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Nutrition

Can I eat myself happy?

Can I eat myself happy?

If you are looking for ways to lift your mood – it might be possible to achieve this through the food you eat…

Okay, before you get too excited, I am not referring to the quick high we all get from binging on mars bars.

I am talking about the sustainable boost that comes from key nutrients that our brains crave in order to maintain our mood and mental health – nutrients that we sometimes forget to get enough of. Have a look at the list below to see which ones you might be missing out on, then get cooking and eating to your heart’s (or brain’s) content…

Iron

Being anaemic (i.e. too little iron in the blood) leads to fatigue and lethargy and possibly depression. Basically, your blood does not have the iron it needs to carry oxygen to your cells. Pulses like beans / chickpeas / lentils are good sources of iron. Other foods to consider include spinach, dried fruit, nuts mussels and red meat.

Zinc

This mineral controls our response to stress. Low levels of Zinc can result in depression. Foods like oysters and mussels are excellent sources for Zinc, as are Pulses like chickpeas /lentils / beans; seeds like Hemp / Pumpkin / Sesame; and dairy products like milk / cheese / yoghurt.

Essential fatty acids in particular Omega 3.

Omega 3 is essential to brain health (our brains are made up from Omega 3 and Omega 6 fats). Omega 3 in particular is known to improve thinking, memory and mood. It is also essential for protection against cardiovascular disease. We can get Omega 3 from seeds like Chia or Hemp seeds; Walnuts; Seaweed; Leafy green vegetables; Brussel Sprouts, Oily fish like Salmon / Mackerel and sea food.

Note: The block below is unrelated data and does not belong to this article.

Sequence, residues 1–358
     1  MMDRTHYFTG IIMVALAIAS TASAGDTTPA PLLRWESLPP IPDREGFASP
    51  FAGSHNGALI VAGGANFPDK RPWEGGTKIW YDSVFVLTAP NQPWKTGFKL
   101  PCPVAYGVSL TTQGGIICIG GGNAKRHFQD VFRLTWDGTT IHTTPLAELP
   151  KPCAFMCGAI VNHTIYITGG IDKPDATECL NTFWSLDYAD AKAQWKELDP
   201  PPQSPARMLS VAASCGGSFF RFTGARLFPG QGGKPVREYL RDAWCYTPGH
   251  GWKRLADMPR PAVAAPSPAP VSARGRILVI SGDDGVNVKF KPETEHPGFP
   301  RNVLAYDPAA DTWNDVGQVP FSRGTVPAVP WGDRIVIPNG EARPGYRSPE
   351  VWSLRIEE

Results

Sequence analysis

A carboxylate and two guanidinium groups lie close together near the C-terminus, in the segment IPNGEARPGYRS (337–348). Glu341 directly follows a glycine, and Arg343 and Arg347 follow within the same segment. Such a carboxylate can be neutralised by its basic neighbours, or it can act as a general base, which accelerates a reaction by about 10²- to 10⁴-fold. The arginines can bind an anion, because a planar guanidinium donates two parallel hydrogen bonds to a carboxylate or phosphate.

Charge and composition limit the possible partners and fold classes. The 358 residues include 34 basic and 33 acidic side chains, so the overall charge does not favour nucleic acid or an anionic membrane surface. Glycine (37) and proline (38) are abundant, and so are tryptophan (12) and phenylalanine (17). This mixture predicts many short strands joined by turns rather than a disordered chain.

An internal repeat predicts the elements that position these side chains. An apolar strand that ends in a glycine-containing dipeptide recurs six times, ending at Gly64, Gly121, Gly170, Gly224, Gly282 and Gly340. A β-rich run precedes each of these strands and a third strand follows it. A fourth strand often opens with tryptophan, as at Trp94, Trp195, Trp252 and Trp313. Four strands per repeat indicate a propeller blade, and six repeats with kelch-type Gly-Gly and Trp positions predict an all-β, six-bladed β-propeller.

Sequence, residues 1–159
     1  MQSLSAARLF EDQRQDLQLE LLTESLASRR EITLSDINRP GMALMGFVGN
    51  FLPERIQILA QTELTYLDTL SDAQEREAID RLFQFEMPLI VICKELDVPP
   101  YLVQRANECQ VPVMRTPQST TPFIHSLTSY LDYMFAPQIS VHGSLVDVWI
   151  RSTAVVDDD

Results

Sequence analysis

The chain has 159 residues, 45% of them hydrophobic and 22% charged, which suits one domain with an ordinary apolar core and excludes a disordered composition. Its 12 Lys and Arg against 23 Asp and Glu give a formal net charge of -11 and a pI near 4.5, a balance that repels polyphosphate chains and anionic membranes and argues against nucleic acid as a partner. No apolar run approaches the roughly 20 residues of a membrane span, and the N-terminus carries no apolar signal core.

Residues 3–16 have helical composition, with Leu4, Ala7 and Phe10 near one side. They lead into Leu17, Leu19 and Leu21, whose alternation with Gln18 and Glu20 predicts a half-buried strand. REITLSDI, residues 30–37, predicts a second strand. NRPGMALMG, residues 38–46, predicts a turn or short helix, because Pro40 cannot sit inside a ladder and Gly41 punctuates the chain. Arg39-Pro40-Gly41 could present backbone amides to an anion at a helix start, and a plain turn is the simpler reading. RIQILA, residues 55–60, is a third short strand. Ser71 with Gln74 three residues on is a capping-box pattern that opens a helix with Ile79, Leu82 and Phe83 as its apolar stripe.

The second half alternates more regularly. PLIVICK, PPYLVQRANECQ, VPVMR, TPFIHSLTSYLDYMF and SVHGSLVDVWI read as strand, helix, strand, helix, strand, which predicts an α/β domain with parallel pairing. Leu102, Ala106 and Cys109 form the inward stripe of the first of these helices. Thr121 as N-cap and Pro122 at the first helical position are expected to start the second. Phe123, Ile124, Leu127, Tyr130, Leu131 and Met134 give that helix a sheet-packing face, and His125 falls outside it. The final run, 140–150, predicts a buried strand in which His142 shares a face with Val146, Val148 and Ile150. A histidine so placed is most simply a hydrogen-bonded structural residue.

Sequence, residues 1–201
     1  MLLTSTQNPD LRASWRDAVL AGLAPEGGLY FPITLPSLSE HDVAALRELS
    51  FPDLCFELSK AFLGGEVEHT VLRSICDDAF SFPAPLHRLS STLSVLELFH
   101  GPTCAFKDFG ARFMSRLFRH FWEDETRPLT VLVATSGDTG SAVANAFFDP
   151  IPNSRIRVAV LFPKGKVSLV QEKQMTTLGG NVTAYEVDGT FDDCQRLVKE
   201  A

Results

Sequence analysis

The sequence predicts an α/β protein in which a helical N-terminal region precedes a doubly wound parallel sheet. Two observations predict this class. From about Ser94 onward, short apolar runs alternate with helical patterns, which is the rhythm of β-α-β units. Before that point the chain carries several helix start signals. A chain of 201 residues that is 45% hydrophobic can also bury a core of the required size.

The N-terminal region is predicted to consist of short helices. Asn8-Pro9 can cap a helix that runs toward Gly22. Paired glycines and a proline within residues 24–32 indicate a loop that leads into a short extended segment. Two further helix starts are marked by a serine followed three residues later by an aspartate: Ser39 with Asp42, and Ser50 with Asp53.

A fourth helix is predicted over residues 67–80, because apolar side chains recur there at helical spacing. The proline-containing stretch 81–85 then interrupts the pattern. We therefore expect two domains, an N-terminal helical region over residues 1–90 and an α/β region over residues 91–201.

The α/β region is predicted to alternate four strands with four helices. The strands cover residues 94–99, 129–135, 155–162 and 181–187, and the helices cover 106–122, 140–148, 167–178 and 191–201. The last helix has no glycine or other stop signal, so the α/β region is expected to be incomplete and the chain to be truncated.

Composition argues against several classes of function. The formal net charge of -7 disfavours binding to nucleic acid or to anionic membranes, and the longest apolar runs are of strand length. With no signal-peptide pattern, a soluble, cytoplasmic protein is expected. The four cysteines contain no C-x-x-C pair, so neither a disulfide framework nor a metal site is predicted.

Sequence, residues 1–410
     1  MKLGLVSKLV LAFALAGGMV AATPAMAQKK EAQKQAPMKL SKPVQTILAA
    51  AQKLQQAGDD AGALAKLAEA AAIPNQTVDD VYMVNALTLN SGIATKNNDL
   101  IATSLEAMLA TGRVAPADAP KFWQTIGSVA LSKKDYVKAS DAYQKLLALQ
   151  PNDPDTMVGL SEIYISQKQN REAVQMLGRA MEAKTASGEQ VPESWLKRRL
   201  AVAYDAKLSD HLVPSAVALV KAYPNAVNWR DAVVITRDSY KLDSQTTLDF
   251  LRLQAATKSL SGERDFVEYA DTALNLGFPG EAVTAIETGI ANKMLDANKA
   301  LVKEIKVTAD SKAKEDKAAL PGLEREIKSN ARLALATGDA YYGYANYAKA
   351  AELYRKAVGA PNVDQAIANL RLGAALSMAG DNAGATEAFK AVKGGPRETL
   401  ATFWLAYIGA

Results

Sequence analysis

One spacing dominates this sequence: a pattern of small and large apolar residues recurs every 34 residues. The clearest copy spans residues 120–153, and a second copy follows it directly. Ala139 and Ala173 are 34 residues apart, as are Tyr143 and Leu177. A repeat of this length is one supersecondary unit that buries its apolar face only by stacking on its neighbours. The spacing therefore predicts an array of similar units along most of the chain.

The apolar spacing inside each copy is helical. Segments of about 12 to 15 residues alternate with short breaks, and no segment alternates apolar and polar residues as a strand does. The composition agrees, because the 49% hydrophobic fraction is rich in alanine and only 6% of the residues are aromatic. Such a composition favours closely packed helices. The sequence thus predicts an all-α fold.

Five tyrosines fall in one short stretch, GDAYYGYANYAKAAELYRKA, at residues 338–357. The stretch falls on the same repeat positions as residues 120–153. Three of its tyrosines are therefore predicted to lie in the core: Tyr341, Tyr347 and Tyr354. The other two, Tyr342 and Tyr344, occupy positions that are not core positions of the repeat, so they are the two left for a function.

B Vitamins

If you are low on B12 you would be susceptible to more depression / low moods and even brain inflammation. You can get B12 from Milk; Cheese; Eggs; Sardines; Tuna; Salmon; Offal (kidney, liver, etc.); and fortified products like soy milk or breakfast cereals.

Foods to avoid

Our brains are highly sophisticated computers that run best when fed with the best fuel. Just as you would not run a Lamborghini on low grade petrol (or indeed add some water to the tank!); same applies to the fuel that our brains use in order to continually run our bodies, manage our mood and renew itself. An equivalent of adding water to the tank would be overconsumption of highly processed /refined foods – e.g. refined sugar. Multiple studies have found a correlation between diets high in refined sugars and impaired brain function.

Getting to know what works for you

Serotonin is a neurotransmitter that helps us regulate our mood and mental health; it also maintains sleep patterns and manages pain. Serotonin is made in our gut and then travels up the vagus nerve to the brain. It stands to reason therefore that anything that impacts our gut will impact our levels of Serotonin and in turn our mood. Foods that maintain our gut health – e.g. foods high in fibre and some fermented foods can have significant impact on our mood and mental health.

The thing is we all have different combinations of bacteria in our guts and therefore what will be inflammatory for me might be exactly what your gut thrives on.

To get the best results – experiment – pay attention to what you are eating and how you feel.

You could start by trying to have a very clean diet for a week or two (i.e. no processed foods, no sugar); and then slowly introduce different foods to see how you feel.

Author: Ola Molade 

Ola is a qualified nutritionist who specialises in areas such as nutrition solutions for health conditions, meal plans and food intolerances..

Check out Ola’s services here 🙂

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